Howdy ho buckaroos! Your favorite drunkards from DPW have gone and covered another Wizard World event. This year Wizard World has returned to our hometown so you know we couldn’t skip out on checking things out! This show was announced without much notice though, which means instead of coming up with a detailed plan of coverage like some of our past events, we had to improvise. 

Listen to our review of the convention on the DPW Podcast

Normally, we plan out all the event panels, artists, and booths we want to check out ahead of time. But with this show being scheduled so suddenly, Wizard World wasn’t able to update things as efficiently as they normally do. I think they may have had a hard time booking people on such short notice, but we had a great time regardless. As did a lot of other people.

These people know what we’re talking about!

The Drive And Parking


We were excited about this show because not only was it near where we live, but it’s a show in the summer! We could actually go outside without it being cold as balls. Sorry, Cleveland! And boy did we spend a lot of time outside. But I’ll get into that later. 

The drive went well. Even the shitty Pittsburgh traffic wasn’t too bad on Friday. Parking is always a hassle, but we managed to find a decent garage for the weekend. So all in all, no complaints. We actually went into a show with energy for a change. Not much else to say on the matter.

Not as much energy as Zachary Levi though.

Our Hotel


Instead of driving into Pittsburgh every day, fighting traffic, then battling to find a place to park, we decided to get a hotel for the weekend and just walk to the con every day. Because we’re ballers (lazy), we booked a weekend in the Drury Hotel which is barely a five-minute walk from the convention center. Good move!

We stayed in a Drury in Cleveland that was quite nice and I would say this one was more or less the same. It had a baller ass patio near the roof, an amazing breakfast setup, a pool, and sweet rooms. Plus, since we were right in the cultural district of Pittsburgh, there were a whole bunch of amazing restaurants and bars within walking distance. Once again, not much to talk about. It was all good in the hood!

If you haven’t been to Pittsburgh before, there are a lot of cool things like this alley that you’ll stumble upon.

Unlike when we went on our trips to Cleveland, I’ve been to Pittsburgh countless times. So there weren’t any real surprises. Other than motherloving Picklesburgh, that is! Yes, there was a pickle themed festival going on before the con. And a lot of Wizard World people were there.

Unfortunately, we didn’t know about this incredible pickle party until it was too late. But you can find all kinds of goofy footage by checking out our buddy Mike Watson’s Facebook page. He was the main man during Wizard World weekend (I think it’s safe to say he had done more panels than anyone else at the show by a large number). And he started things off by chugging, or rather, failing to chug a jar of pickle juice. Again, we missed out on that amazingness. But we did run into him at the con security checkpoint hosting his own little Family Feud style game show for the fans waiting for the show to open up. That man works damn hard to make the fans have a good time.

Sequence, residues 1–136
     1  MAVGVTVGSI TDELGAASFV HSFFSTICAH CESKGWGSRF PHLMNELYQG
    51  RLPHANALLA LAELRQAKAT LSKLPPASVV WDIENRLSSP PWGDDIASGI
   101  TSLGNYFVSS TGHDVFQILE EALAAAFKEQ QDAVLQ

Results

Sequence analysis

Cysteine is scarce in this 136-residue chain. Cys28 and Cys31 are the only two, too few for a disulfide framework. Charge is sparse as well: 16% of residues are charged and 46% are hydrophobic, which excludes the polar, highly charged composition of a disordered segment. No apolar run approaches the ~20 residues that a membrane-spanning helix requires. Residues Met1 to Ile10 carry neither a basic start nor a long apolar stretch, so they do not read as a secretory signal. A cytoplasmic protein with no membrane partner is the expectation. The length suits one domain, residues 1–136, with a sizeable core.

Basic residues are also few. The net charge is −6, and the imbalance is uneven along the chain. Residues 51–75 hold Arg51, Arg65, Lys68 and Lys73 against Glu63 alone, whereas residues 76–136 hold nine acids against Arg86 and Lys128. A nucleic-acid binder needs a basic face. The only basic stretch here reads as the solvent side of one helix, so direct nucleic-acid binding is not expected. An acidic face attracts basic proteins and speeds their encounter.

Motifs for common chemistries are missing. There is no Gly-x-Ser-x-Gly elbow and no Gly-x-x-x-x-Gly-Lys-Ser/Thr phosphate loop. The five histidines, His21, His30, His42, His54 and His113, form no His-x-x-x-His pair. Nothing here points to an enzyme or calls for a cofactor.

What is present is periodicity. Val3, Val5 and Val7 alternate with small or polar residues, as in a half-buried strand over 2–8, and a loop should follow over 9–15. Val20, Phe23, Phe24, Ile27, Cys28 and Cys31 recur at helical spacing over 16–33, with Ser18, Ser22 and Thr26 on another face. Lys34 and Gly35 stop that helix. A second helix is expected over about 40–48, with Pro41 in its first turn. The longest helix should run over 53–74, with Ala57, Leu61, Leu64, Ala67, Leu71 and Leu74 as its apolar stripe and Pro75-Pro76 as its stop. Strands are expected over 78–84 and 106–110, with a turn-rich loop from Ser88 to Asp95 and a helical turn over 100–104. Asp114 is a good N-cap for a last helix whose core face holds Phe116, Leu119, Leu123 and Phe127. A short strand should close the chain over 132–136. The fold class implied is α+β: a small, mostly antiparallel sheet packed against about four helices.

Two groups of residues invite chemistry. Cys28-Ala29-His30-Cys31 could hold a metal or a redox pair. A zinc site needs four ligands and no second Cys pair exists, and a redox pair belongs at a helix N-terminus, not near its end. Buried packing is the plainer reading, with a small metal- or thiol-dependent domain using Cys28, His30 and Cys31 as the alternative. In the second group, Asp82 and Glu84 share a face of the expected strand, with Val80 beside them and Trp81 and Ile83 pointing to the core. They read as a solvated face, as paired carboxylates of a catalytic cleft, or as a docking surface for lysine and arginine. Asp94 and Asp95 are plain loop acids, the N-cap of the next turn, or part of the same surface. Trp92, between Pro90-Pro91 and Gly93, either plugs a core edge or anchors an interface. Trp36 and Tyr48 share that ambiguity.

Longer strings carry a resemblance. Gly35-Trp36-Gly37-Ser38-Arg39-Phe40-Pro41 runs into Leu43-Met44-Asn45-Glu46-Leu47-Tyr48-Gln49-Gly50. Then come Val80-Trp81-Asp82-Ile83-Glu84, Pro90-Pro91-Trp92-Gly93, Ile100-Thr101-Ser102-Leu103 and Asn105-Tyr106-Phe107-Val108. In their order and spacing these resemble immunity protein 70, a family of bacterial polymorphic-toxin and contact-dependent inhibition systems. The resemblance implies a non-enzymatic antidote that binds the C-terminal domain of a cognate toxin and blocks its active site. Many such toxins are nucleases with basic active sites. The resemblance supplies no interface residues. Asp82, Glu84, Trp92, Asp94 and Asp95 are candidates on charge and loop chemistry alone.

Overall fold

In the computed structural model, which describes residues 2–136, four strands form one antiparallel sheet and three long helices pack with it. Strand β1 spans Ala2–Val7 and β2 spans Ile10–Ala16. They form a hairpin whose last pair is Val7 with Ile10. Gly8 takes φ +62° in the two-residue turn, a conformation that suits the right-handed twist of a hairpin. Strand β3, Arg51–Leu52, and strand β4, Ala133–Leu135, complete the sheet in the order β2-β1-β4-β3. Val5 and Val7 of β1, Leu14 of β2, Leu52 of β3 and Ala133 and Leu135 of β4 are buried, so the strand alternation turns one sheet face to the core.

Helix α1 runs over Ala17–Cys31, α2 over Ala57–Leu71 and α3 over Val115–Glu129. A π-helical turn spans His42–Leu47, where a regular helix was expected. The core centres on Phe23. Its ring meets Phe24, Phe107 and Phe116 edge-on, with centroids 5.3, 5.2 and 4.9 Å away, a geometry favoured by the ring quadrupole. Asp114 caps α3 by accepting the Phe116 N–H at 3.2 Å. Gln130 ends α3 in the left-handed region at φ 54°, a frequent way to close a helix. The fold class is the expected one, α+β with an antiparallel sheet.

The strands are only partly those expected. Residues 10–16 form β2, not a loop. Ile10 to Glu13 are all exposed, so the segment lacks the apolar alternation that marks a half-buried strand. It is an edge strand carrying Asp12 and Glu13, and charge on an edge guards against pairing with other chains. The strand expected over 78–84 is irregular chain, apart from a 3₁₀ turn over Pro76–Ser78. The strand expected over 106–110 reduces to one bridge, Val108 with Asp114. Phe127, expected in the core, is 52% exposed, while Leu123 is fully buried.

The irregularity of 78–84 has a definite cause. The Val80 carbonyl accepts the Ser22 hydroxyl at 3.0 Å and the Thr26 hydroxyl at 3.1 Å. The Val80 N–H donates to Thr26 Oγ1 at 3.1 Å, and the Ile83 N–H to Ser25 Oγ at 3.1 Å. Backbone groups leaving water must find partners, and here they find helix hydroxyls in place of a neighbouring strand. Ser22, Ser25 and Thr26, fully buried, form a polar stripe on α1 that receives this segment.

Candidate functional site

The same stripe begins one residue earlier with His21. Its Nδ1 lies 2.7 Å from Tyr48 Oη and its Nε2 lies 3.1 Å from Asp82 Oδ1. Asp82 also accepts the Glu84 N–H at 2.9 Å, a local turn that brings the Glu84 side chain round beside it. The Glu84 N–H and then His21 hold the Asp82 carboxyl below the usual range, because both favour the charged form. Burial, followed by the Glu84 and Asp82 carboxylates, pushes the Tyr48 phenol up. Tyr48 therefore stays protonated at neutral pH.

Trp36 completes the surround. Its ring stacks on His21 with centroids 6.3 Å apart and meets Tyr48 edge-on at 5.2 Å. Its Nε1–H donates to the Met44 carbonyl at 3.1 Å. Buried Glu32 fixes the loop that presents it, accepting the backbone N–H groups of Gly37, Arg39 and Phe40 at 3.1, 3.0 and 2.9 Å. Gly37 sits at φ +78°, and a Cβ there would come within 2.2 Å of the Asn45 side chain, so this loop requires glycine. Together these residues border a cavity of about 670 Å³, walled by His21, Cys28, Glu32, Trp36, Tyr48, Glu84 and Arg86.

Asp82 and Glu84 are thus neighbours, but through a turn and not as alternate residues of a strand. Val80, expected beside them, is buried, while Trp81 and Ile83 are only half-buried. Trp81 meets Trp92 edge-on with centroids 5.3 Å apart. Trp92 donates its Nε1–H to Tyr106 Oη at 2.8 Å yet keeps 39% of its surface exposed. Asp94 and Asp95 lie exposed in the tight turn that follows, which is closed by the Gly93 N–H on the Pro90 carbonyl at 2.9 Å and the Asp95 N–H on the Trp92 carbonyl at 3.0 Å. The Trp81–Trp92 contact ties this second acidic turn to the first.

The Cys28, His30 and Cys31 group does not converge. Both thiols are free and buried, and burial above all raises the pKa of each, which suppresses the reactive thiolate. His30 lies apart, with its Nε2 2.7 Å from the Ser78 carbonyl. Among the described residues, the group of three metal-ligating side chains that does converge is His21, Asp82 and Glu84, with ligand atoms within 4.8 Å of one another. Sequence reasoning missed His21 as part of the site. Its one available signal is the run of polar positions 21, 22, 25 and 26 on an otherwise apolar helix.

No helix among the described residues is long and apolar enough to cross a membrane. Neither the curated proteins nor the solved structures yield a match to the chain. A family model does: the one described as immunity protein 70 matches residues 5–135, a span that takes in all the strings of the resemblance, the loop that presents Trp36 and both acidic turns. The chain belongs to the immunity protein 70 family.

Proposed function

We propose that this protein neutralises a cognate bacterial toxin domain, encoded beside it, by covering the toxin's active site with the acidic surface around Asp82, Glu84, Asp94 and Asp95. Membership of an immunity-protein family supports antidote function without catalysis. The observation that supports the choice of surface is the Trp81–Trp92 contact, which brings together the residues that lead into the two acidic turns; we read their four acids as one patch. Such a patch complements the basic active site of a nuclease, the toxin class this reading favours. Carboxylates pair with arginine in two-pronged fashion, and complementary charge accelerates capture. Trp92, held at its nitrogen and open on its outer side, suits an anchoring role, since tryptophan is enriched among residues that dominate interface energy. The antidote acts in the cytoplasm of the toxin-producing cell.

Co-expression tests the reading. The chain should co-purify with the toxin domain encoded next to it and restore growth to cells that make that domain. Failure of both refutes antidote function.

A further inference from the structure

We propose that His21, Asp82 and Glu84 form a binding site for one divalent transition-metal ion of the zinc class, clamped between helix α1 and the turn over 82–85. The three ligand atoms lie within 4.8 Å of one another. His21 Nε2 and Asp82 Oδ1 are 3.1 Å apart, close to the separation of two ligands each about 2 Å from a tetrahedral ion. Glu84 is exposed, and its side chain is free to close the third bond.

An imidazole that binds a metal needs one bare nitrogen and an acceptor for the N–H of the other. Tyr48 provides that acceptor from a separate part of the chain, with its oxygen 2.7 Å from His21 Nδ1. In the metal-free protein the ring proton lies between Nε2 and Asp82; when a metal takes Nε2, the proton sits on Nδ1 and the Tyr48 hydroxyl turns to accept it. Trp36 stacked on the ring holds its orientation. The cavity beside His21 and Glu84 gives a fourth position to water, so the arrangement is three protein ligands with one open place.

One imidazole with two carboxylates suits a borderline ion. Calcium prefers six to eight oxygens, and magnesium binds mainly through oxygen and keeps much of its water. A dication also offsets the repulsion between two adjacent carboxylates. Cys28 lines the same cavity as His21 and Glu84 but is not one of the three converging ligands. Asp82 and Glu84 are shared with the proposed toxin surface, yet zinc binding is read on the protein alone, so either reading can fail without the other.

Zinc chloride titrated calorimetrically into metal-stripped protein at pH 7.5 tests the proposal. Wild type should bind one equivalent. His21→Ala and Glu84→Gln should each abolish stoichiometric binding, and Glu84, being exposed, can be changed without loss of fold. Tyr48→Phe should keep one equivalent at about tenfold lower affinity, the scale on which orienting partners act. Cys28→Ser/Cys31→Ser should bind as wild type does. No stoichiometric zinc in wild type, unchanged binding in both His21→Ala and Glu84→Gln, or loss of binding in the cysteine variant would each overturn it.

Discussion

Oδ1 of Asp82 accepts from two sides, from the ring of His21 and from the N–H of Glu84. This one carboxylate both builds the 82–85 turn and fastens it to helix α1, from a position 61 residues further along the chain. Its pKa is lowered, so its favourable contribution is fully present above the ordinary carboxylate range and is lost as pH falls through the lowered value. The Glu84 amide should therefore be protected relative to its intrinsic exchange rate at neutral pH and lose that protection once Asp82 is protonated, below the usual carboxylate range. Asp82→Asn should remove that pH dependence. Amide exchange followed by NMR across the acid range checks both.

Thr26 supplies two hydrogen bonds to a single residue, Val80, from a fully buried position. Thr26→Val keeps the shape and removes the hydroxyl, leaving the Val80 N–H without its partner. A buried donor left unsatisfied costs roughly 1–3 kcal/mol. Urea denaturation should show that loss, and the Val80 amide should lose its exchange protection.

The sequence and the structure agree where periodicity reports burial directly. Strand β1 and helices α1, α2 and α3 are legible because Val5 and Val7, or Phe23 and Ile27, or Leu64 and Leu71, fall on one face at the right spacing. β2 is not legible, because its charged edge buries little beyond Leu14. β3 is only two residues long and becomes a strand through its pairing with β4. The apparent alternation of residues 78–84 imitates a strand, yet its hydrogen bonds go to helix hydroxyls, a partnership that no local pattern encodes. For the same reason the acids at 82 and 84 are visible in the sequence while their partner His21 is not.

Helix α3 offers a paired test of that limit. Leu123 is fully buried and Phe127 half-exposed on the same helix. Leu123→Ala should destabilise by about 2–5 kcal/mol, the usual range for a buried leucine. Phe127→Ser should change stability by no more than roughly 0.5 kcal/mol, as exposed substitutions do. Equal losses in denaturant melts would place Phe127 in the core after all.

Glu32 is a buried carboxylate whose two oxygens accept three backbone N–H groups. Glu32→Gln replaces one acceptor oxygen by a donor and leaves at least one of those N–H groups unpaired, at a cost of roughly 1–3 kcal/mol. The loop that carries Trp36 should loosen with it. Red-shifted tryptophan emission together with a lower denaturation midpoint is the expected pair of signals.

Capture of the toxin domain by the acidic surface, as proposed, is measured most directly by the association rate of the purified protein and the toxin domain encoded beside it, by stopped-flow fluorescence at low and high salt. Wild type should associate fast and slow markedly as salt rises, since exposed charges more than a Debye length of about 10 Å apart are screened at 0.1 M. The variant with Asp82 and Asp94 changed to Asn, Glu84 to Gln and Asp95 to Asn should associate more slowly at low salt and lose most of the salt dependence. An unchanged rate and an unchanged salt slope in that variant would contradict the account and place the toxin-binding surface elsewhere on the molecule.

Con Setup


This year’s setup was a bit different than the last Pittsburgh show but it suffered from the same glaring problem we bitched about last time. The damn security checkpoint was between the main show floor and where the panel rooms were. Why oh why do you do this?

There are some issues with this setup:

  • Anytime you want to go to a panel (Wizard World has a lot and we usually cover as many as we can), you must leave the main con floor, go upstairs, walk down a longggg hallway, then find the room where the panel is. Then, if you want to go back to the main floor after the panel is over with, you have to walk all the way back, then go through security again (we had bags which had to be checked in every time).
  • The second problem with this, which is a major problem, you can bring weapons (guns, knives, grenades) to the event panels because you don’t have to go through security at all to go to them. You can walk in right off the street and go straight up to the panel rooms without getting stopped.
  • This setup puts the celebrities at risk because again, you can bring weapons to the panel rooms!

The easy fix for this problem is to simply put the security checkpoint in front of the stairs that go upstairs. Maybe even put the checkpoint before the ticket booths. Then again, the convention center is so huge (we actually wandered through most of it and didn’t run into any employees or security) that you could find another way upstairs if you really wanted to. Hell, you probably could find a way onto the con floor without much effort. 

Security aside, the con itself was smaller than the last one we went to in Pittsburgh. And it was way smaller than the one in Cleveland. There weren’t many artists or vendors. Again, that probably had more to do with the last-minute scheduling than anything. Unfortunately, that meant we covered the whole floor and talked to everyone at the show fairly quickly.

It was also more of an intimate show. You could actually talk to creators and people without being mobbed. As creators ourselves, I think that’s pretty cool. Also, it’s easier to sell your stuff as a creator when you don’t have a ridiculous amount of competition. Then again, without a lot of vendors and creators, you struggle to keep people in the building. This was a problem we saw throughout most of the weekend.

Charity art auction crowd

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